As the end of sitcoms go, I think things generally turn out okay, for the best.  If you pass me on the street, looking distressed and dishevelled, you’ll know it’s me when I stop in my tracks and proclaim, “Goddammit, I’m doing the best I can!”  Or I might just angrily whisper to myself over and over, “At any moment you could die, the least you can do is try.”

Sometimes when people are vaguely complaining about mundane things, such as their DVR failing to record this week’s episode of “Community”, or China continually giving them reasons to wear their “Free Tibet” gear, I’ll halfheartedly reply, “Life is hard.”  But fuck, man.  It is!  It’s also a whole slew of other things, but today there will be no devil’s advocating–life is frustrating and hard. 

I accidentally got a psychic reading a while back, and she was right–I do feel like I keep taking three steps forward and two steps back.  That psychic also told me that I’d be fine if I kept smiling.  Which still strikes me as an obnoxious thing to say.  As frustrating and hard as life’s failures feel, they’re often the things that teach us the most and open our eyes to the right steps to be taking.  Strife and angst serve a purpose.  Blah blah blah if it weren’t for difficult times we’d never grow.

Also, the Dalai Lama repaired watches?!  I had no idea.

“If you touch me you’ll understand what happiness is…”*

*That’s a mighty claim, Andrew Lloyd Webber…

Yesterday I went to the Salvation Army. My plan was to buy a coffee table. The thing that’s so great about thrift stores like the Army, though, is that you never know what you’re going to find. For instance, in the electronics department I found these:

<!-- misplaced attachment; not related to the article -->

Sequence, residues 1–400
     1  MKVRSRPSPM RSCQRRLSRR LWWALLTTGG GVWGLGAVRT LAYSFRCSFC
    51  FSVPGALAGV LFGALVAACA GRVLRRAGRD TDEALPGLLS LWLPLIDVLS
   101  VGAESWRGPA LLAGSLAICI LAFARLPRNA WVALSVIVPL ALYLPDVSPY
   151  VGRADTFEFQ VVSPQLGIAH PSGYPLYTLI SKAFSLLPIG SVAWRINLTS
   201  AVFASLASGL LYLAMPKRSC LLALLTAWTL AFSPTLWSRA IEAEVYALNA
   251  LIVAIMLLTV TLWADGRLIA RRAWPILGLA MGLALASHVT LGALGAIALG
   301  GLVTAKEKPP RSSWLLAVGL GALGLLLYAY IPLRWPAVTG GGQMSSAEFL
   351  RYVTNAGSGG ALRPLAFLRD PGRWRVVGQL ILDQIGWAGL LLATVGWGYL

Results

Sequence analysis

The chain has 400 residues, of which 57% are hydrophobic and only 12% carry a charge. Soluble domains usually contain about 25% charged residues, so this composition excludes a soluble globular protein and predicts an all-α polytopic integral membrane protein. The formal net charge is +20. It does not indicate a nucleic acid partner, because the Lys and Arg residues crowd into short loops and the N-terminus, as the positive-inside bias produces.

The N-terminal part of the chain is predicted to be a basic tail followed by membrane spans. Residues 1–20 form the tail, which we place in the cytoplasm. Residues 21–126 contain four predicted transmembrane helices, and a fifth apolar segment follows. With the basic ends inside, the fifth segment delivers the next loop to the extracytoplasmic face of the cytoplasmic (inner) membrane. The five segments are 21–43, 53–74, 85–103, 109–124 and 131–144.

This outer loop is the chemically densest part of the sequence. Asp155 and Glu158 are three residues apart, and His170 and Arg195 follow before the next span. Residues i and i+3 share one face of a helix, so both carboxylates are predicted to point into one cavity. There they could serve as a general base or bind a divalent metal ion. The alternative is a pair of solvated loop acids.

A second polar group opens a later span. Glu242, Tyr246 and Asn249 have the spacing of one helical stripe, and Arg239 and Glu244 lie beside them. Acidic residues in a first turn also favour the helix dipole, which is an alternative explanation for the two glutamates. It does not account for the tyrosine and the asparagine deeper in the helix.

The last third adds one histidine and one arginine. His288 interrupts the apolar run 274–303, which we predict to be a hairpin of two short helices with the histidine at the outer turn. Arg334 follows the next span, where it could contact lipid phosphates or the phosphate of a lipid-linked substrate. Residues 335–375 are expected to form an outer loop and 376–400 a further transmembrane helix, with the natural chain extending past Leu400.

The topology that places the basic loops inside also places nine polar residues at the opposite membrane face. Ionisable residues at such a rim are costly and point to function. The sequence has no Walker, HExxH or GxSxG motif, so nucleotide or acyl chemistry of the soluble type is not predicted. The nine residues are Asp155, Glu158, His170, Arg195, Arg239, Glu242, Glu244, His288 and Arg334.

TWO televisions simultaneously playing “Cats”, paired with one television playing J. Lo and Matthew McConaughey’s “The Wedding Planner”. These three screens distracted my attention for at least five minutes. (Five of the best minutes of my life.)

In the end, I didn’t go home with a coffee table.  Nor did I go home with a TV or a VHS copy of “The Wedding Planner”.  (I already own it on DVD.)  Instead, I went home with a pair of rollerblades and a plaid shirt that was in the men’s department even though it’s clearly a woman’s shirt.

Updates on future failed attempts to purchase a coffee table to follow.  I wrote a poem about a coffee table when I was in college.  It was just a list of stuff that had been left on the one in my dorm room after a particularly drunken weekend.

Poets are so pretentious.

Please experience 3:00:

New Year, Same Auld Blog.

It’s 2010.  You know what that means…


A new season of The Bachelor with a man named Jake.  I plan to watch last night’s episode online as soon as I hit the “publish” button on this post.  At which time I will laugh, cringe, cry, and masturbate.

I’ve been incredibly productive this year.  One highlight: I cleaned my room.  I found $20.  So far that money has bought me an egg and cheese sandwich and a coke.  Updates on the remaining $14 to come.

I also found my mini microphone.  I plan to hook it up to my laptop and record myself singing in the laundry room basement of my building.  I may even share some of these recordings on this here page.  The acoustics are pretty clean down there (pun intended).

AND LASTLY, I found the memory stick to my digital camera.  I went on my first photographic romp of the new year.  Here are the results:

It's 2010. You know what that also means.

Hate when buildings force me to consider things.

Dog in pink bonnet. You're not fooling anyone. You may be wearing a hat intended for a human, but you're still not allowed.

Still Life with Surgical Mask